A mine in Saranda
Ranchi, May 29: A commission set up to investigate the scourge of rampant illegal mining has slapped a showcause notice on the Jharkhand government seeking an explanation on how four firms were allowed to extract iron ore far in excess of stipulated limits in the Saranda region between 2008 and 2010.
In a letter dated April 30, 2012, the commission headed by retired judge M.B. Shah has given the state mines and geology department 15 days to come up with a satisfactory reply on the violation, the extent of which was reported by The Telegraph last month.
“It has been alleged that four mining firms in Jharkhand — Orissa Manganese and Minerals Ltd, Padam Kumar Jain’s Thakurani Mines, Shah Brothers and Usha Martin Co. — have produced and dispatched excess quantity of iron ore than the permission granted under Environmental Protection Act, 1986, and MCRD rules, 1988,” said the letter, written by registrar Sudhir S. Shah, on behalf of the chairman of the commission, M.B. Shah.
“It has been alleged that though the matter pertains to 2008, 2009 and 2010, no action has been taken by the department so far despite being in the know of the facts fully. These mines were/are running even after the illegalities committed without auction under the law,” added the letter, which has been sent along with copies of newspaper reports on the matter.
In a report published on April 25, The Telegraph had highlighted how the four companies had been pilfering iron ore in large quantities, at least two to seven times more than the approved limit, for the past three fiscals in the Saranda region.
Successive reports, also published in this paper, further highlighted how the two monitoring authorities, the Jharkhand State Pollution Control Board (JSPCB) and the state mines department, had failed to do their job because of non-co-operation and a communication breakdown between them.
And as a result, both the JSPCB and the mines department kept blaming each other while illegal mining went on unabated in the Saranda region that is now at the centre of a Union government-sponsored development initiative.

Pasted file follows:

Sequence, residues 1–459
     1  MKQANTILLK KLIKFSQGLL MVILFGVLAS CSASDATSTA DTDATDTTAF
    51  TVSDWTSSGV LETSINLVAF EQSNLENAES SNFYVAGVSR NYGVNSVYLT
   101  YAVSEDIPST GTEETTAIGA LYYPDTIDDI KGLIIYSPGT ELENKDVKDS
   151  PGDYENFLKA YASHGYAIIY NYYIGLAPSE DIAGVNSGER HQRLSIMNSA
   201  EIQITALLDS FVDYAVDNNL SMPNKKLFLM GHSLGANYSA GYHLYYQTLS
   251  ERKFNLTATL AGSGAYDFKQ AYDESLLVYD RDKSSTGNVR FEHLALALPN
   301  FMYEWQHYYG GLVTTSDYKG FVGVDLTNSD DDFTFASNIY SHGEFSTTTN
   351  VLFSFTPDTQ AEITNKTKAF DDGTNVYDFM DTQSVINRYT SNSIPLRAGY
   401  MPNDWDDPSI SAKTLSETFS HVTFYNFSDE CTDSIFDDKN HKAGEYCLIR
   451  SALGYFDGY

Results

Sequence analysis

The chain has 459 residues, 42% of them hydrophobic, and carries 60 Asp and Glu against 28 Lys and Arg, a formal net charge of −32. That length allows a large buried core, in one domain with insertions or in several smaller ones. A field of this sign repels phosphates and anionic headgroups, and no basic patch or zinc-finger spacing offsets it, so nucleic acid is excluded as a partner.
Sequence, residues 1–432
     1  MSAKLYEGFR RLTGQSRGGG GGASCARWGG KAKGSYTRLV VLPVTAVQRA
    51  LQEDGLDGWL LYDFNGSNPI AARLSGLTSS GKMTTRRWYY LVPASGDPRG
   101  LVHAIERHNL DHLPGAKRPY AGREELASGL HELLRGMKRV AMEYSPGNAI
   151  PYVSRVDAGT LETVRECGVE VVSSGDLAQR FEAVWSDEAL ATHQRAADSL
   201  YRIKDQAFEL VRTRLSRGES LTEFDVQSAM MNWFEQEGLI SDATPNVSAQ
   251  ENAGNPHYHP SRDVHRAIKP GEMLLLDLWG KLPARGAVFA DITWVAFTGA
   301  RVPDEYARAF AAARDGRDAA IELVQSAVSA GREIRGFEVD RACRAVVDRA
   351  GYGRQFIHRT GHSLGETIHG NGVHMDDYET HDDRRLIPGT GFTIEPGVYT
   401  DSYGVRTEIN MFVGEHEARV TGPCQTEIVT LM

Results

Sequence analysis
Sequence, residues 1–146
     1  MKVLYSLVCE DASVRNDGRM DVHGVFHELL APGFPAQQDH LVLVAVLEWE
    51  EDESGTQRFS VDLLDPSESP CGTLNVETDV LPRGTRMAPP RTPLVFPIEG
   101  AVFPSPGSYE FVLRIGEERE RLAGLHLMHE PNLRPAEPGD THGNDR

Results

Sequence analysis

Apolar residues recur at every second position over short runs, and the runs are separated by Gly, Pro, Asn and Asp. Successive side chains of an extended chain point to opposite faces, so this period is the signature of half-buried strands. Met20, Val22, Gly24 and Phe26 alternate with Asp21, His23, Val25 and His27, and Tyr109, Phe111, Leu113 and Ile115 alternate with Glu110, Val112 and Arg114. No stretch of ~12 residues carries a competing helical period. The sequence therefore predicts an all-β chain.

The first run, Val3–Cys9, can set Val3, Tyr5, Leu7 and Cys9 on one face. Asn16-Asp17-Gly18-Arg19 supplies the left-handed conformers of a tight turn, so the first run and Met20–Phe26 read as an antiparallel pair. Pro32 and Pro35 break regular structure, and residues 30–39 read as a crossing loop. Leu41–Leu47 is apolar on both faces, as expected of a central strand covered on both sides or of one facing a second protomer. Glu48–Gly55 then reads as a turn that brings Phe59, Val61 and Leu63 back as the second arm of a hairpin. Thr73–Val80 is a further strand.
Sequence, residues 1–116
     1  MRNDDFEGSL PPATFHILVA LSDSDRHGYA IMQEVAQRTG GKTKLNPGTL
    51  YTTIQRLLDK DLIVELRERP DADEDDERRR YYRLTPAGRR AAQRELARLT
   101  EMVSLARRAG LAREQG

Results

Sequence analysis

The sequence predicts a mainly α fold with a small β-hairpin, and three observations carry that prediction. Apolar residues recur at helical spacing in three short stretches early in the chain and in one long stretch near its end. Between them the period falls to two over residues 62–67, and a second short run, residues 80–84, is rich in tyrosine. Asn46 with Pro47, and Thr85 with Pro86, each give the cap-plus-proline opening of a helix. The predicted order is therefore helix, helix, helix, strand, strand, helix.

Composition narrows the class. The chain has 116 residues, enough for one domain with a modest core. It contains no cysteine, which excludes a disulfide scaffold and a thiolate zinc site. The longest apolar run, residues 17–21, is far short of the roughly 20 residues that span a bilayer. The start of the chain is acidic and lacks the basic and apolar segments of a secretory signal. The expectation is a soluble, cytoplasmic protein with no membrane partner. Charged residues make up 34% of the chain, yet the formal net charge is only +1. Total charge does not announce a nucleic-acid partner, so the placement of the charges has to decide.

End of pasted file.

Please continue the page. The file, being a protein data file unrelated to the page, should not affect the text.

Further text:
“All these published reports were compiled along with facts obtained after invoking Right To Information Act by someone and was forwarded to the Shah Commission. We got to know this because the reports have been appended to the commission’s letter,” said an official in the state mining department.
However, the mining department was yet to respond to the first letter. Sources in the department said the Commission sent a follow-up letter on May 12, seeking answers.
While earlier additional chief secretary A.K. Sarkar, who holds the mining portfolio, confirmed receiving the showcause, adding they would act accordingly, when contacted by The Telegraph today, mines director B.P. Singh said the district mines officer had been told and a reply was awaited from him.
The Centre set up the Shah Commission to investigate large-scale irregularities in iron ore and manganese mining in various states, including Jharkhand, in November 2010.
During his visit to Jharkhand, Shah conducted public hearings in Ranchi and Chaibasa, the West Singhbhum headquarters, on April 13 and 14.
Although the turnout for the hearing in the state capital was poor, he had told The Telegraph that the commission would take into account mining and prospecting licences awarded to 21 companies in Jharkhand between 2003-04 and 2007-08, many of which were later found to be frozen.
The commission had also visited Saranda before returning to Delhi.